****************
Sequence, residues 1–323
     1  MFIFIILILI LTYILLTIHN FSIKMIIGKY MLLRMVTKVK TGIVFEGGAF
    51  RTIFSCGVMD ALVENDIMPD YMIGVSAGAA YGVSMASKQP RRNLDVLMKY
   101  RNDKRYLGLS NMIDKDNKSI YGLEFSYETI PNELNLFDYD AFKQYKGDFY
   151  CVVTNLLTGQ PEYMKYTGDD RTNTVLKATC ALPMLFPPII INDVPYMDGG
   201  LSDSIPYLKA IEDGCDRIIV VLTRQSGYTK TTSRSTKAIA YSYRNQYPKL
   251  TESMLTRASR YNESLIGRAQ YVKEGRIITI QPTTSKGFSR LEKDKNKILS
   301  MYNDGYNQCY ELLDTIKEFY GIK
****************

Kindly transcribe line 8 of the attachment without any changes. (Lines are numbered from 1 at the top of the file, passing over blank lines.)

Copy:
   301  MYNDGYNQCY ELLDTIKEFY GIK